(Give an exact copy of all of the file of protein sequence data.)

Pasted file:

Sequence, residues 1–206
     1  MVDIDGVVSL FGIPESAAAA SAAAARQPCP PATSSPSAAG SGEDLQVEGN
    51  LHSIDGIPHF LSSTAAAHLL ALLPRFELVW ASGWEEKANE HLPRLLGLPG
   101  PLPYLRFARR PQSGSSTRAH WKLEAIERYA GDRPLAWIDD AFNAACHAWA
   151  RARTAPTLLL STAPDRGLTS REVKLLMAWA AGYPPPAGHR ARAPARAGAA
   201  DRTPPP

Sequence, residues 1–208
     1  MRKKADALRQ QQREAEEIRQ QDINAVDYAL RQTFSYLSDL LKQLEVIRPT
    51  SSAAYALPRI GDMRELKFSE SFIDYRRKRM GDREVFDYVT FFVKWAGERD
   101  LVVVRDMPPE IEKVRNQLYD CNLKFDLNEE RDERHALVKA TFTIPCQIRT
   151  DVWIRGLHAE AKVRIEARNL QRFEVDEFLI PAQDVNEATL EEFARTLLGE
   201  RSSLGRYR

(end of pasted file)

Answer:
Sequence, residues 1–206
     1  MVDIDGVVSL FGIPESAAAA SAAAARQPCP PATSSPSAAG SGEDLQVEGN
    51  LHSIDGIPHF LSSTAAAHLL ALLPRFELVW ASGWEEKANE HLPRLLGLPG
   101  PLPYLRFARR PQSGSSTRAH WKLEAIERYA GDRPLAWIDD AFNAACHAWA
   151  RARTAPTLLL STAPDRGLTS REVKLLMAWA AGYPPPAGHR ARAPARAGAA
   201  DRTPPP

Sequence, residues 1–208
     1  MRKKADALRQ QQREAEEIRQ QDINAVDYAL RQTFSYLSDL LKQLEVIRPT
    51  SSAAYALPRI GDMRELKFSE SFIDYRRKRM GDREVFDYVT FFVKWAGERD
   101  LVVVRDMPPE IEKVRNQLYD CNLKFDLNEE RDERHALVKA TFTIPCQIRT
   151  DVWIRGLHAE AKVRIEARNL QRFEVDEFLI PAQDVNEATL EEFARTLLGE
   201  RSSLGRYR